Scientist John Northrop crystallized chymotrypsin in the early
1930’s. In the following years, other scientists contributed to the
characterization of this enzyme, and now, it is one of the most well understood
Chymotrypsin is a digestive enzyme produced by the pancreas, and
it is responsible for the breakdown of proteins and polypeptides. Specifically,
it is an endopeptidase, and breaks bonds within a polypeptide. Without
chymotrypsin, proper food digestion cannot occur. Chymotrypsin consists of two
chains, and is made up of 245 amino acids (Figure 1).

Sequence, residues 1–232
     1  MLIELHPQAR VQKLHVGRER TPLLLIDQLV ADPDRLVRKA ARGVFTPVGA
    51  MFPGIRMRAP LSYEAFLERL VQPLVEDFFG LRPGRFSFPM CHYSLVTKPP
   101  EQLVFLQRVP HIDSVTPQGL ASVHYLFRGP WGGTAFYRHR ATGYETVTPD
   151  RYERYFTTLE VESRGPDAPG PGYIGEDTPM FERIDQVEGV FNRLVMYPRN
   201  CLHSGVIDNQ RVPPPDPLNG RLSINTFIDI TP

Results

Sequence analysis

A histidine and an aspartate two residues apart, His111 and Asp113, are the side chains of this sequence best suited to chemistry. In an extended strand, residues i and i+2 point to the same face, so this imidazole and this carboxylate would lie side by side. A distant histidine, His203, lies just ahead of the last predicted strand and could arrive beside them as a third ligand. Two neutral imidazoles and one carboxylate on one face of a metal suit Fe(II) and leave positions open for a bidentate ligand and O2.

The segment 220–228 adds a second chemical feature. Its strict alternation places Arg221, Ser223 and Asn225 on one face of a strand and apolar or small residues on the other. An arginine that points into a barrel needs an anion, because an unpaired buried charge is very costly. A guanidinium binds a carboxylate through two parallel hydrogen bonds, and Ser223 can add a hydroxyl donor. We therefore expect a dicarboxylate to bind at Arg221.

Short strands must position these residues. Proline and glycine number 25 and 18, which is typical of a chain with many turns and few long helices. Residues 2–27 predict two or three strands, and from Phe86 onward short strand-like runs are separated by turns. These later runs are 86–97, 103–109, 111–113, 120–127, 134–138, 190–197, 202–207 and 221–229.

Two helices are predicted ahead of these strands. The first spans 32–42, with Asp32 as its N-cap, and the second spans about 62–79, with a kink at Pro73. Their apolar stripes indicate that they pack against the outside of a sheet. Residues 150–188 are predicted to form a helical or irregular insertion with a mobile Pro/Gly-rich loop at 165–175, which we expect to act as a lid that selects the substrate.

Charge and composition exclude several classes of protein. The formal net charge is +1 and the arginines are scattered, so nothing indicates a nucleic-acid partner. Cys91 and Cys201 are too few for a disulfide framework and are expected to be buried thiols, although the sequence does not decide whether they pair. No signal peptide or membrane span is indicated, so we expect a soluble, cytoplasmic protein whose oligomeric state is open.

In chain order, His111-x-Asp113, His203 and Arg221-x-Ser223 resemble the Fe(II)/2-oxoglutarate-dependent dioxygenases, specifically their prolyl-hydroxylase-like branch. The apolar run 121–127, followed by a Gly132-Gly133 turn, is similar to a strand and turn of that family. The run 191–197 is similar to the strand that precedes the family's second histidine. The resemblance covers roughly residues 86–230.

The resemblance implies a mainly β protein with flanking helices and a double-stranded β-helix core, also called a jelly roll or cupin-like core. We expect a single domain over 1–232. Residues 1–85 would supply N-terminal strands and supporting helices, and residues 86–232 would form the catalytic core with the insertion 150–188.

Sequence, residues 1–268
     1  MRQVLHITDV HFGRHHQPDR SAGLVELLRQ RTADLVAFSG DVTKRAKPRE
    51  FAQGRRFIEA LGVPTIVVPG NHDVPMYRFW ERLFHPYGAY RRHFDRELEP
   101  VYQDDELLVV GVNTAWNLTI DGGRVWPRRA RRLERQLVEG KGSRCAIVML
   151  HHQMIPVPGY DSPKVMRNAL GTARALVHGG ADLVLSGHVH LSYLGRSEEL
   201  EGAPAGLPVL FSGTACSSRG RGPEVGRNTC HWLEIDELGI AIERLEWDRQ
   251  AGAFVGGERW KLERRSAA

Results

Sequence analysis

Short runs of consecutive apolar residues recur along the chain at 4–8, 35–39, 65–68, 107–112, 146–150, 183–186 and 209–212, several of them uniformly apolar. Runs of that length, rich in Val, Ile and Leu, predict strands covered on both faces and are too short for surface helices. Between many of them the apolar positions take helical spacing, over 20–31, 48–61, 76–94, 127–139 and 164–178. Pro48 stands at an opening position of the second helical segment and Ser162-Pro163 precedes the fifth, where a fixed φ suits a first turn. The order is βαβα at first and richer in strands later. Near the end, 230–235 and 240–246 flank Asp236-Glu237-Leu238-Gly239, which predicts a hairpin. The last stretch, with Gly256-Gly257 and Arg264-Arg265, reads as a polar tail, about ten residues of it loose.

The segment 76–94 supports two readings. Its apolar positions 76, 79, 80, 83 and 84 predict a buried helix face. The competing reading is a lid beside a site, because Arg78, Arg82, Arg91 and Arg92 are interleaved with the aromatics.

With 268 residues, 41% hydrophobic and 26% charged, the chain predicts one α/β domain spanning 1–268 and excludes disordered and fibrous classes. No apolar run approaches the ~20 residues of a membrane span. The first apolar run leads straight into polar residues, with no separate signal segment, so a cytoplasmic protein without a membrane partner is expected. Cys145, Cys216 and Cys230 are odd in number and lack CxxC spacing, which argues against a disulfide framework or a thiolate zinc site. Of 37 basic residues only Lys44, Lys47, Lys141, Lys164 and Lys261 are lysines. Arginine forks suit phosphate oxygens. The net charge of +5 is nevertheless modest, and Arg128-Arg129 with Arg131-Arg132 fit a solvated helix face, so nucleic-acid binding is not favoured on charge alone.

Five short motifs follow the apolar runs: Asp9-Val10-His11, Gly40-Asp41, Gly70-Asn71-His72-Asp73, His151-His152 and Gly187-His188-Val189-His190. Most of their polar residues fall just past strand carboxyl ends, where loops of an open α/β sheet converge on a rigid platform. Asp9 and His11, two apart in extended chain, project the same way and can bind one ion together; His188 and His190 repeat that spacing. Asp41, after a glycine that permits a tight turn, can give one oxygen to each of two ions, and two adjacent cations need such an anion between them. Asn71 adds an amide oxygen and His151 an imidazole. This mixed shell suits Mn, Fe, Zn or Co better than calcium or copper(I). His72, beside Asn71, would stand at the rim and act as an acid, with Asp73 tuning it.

An important component of
chymotrypsin is the catalytic triad. This triad is made up of residues Serine
195, Histidine 57, and Aspartate 102 (Figure 2). This triad is important for
chymotrypsin activity because the residues work to stabilize the enzyme and
promote catalysis. In the triad, the aspartate and histidine are bound to each
other by hydrogen bonds, allowing for serine to become a nucleophile to
catalyze the breakdown of proteins.